When you are travelling to Thirunelli, there is also another ancient temple carved out of stone – the Kottiyur Sree Kaleeswari Temple. Stop your vehicle on the side of the road here and walk a little inside, a pleasing experience indeed. Some huge footprints nearby will get you thinking, if it were of elephants, reminding you that the possibilities of the forest are myriad.

The Kottiyur Sree Kaleeswari Temple The Kottiyur Sree Kaleeswari Temple. Photo: Praveen Elayi/Manorama

Go much deeper and you will come across a clearing where the Adivasis (Tribals) do their pujas. You can see some spears adorned with glass bangles dug in the ground. But not a soul in sight to ask what this was for...

Kaleeswari Temple The Kottiyur Sree Kaleeswari Temple. Photo: Praveen Elayi/Manorama

After a short rest at Thirunelli, we went straight to the Kuruwa Islands in the evening. By the time we reached, it started raining heavily and entry into the islands was restricted because of the rising water levels. Just as we were heading back to Thirunelli, we heard that sound.

Thirunelli Thirunelli. Photo: Jimmy Kamballur

An elephant herd nearby was making a ruckus breaking bamboo shoots and feeding on them. We saw the reddish brown muddy backs of the elephants first, with much ease they used their flexible trunks to gather the bamboo leaves and then into their waiting mouths. Within seconds they sensed our presence and retreated into their sacred spaces among the dense shrubbery. Finally the sight that we have been hoping for, and after that we just couldn’t get enough of the bounty that nature presented before our eyes. That’s how the magical forest is – some sights keeps eluding you, whereas some others appear when you least expect it.

The Thirunelli Temple is situated right in the centre of the Wayanad Wildlife Sanctuary. On the North – East is the Nagerhole Sanctuary and Bandipur Sanctuary in Karnataka, and on the South-East there is Muddumalai Wildlife Sanctuary of Tamil Nadu.

Tholpetty Tholpetty. Photo: Jimmy Kamballur

Due to the rich bio-diversity, this is an important bio-reserve under the Nilgiri range. Tirunelli is replete with wild-gooseberry trees and its pleasantly cool climate soothes you to instant sleep. After the night, all bleary-eyed and dreamy we were packed into the first trekking-jeep trip by 7 am next morning.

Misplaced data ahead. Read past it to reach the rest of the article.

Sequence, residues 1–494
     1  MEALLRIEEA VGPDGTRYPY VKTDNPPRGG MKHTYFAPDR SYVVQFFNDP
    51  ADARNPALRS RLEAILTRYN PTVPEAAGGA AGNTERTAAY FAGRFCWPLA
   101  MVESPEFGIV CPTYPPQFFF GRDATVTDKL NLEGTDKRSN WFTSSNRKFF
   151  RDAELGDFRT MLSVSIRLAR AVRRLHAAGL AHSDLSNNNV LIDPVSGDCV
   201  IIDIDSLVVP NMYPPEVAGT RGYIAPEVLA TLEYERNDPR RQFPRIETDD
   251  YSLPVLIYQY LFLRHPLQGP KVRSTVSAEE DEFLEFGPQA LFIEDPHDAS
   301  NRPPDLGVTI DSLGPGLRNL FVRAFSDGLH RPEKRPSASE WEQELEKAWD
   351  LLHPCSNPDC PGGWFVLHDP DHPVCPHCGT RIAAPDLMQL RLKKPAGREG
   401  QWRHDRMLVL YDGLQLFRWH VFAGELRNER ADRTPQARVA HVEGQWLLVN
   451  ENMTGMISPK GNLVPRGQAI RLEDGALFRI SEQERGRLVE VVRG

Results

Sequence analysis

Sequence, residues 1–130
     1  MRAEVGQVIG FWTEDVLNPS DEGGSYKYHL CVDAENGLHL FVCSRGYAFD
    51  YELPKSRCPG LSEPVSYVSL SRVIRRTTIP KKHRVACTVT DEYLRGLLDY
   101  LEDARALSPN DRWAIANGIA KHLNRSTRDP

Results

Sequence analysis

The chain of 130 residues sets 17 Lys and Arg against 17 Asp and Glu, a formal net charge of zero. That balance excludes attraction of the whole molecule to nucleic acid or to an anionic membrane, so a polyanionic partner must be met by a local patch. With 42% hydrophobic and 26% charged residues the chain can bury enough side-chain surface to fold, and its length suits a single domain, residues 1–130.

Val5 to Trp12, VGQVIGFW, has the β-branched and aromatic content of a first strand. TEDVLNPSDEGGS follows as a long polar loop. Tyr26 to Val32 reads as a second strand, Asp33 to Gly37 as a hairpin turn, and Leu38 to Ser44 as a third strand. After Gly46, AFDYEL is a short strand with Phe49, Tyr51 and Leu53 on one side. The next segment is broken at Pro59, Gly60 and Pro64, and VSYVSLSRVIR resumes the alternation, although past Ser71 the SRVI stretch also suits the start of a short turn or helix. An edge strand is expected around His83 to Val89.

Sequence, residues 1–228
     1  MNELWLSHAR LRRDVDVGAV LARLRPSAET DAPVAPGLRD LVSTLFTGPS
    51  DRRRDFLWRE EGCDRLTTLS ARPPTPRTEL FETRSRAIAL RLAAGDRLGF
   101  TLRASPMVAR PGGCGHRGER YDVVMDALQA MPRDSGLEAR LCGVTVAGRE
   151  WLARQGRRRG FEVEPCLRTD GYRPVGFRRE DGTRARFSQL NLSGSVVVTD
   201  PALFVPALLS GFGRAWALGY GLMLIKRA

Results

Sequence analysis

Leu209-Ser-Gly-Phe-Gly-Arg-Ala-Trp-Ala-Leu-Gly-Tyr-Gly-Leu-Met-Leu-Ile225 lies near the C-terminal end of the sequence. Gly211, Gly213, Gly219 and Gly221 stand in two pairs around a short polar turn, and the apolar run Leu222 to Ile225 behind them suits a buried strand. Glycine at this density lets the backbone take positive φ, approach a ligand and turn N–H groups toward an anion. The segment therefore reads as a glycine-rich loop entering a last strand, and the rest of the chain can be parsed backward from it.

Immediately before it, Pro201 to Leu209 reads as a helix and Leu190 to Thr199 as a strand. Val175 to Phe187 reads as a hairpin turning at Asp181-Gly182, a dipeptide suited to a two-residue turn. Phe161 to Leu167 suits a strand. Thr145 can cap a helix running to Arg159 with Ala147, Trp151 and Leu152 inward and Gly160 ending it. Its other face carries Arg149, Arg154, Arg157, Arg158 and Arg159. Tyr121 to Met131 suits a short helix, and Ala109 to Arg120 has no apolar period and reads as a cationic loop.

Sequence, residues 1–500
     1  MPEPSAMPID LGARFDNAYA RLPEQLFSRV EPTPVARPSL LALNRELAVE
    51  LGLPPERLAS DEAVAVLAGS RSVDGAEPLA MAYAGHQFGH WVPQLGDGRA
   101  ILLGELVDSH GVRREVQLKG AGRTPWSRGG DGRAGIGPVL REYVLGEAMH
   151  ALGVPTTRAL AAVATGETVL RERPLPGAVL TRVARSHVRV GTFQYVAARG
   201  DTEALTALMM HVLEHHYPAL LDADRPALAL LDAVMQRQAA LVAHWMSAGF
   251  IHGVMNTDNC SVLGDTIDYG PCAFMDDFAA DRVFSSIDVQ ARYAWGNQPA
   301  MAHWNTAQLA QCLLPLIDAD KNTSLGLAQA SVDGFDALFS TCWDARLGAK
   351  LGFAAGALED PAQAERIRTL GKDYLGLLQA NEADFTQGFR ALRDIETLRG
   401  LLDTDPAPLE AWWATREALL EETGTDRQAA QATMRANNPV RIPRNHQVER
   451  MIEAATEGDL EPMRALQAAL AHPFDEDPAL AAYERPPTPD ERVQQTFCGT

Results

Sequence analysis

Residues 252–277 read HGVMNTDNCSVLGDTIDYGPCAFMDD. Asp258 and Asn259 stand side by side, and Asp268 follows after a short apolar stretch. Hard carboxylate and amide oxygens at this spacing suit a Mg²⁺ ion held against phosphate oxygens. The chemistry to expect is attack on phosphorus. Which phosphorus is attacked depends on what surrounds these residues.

Deer Tholpetty. Photo: Praveen Elayi/Manorama

In the trek, that will take an hour, the fauna on the previous day repeats – deer, monkeys, peacocks, giant red squirrel, wild bison, and all seem to be in a hurried mood too. During the safari, we saw a lamp lit near a giant tree, the guide informs us that this place is called Ayyappanpara. Lord Ayyappan who went in search of tiger milk is believed to have rested here en route. There are daily pujas done at the spot by those living nearby.

Ayappan Para Ayappan Para at Tholpetty. Photo: Jimmy Kamballur

Now that we were lucky enough for some wild elephant sighting, a leopard or a tiger would have been a big added bonus. We went on the jungle trek with this wishful thinking. But there are literally many more miles for us to travel, many more experiences that needs to come our way before we can know the forest in all its glory, before we are allowed to feel the throbbing pulse. There is no disappointment though, just an earnest hope that someday the real magic will definitely unfold before us.

Things to keep in mind before the trip:

1.It’s a good idea to carry your own food if you are travelling with children.

2.Never dispose or be careless with plastic inside the forest.

3.The best time for a trek in Tholpetty is early in the morning.

4.Do not try to feed the animals with the food you are carrying.

5.The speed limit while you are in the forest is 30 kilometres, avoid blaring music and sounding horns.

6.If a Thirunelli temple visit is planned, then there is a Panchatheertha rest house nearby offering affordable overnight stay. Contact 04935_210055.